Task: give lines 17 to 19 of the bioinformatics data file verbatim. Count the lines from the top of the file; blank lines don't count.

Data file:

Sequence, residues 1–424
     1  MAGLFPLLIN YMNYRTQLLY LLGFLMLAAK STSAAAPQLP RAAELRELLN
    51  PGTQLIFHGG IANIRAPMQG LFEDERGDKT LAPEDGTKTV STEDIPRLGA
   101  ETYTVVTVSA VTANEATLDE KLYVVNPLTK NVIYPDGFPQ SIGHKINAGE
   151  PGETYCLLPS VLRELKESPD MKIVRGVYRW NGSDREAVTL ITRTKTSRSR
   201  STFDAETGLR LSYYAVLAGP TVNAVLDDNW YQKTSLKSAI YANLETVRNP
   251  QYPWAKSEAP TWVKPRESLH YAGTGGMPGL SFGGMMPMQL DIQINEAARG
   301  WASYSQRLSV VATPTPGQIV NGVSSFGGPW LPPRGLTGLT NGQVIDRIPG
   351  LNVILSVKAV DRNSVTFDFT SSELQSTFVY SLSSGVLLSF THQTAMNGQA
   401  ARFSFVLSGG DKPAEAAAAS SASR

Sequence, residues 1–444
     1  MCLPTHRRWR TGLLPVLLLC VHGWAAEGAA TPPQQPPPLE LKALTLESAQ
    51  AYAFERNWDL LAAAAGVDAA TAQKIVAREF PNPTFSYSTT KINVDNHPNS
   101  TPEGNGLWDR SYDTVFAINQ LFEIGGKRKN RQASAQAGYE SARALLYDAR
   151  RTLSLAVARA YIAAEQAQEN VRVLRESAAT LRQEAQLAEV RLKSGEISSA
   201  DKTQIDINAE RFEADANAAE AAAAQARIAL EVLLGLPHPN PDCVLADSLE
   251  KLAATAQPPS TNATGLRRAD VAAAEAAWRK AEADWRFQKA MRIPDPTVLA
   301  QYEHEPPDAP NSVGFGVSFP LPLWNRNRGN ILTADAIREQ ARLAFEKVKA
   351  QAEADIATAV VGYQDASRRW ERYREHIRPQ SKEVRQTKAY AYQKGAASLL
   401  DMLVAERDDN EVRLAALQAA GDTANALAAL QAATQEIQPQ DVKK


   251  KLAATAQPPS TNATGLRRAD VAAAEAAWRK AEADWRFQKA MRIPDPTVLA
   301  QYEHEPPDAP NSVGFGVSFP LPLWNRNRGN ILTADAIREQ ARLAFEKVKA
   351  QAEADIATAV VGYQDASRRW ERYREHIRPQ SKEVRQTKAY AYQKGAASLL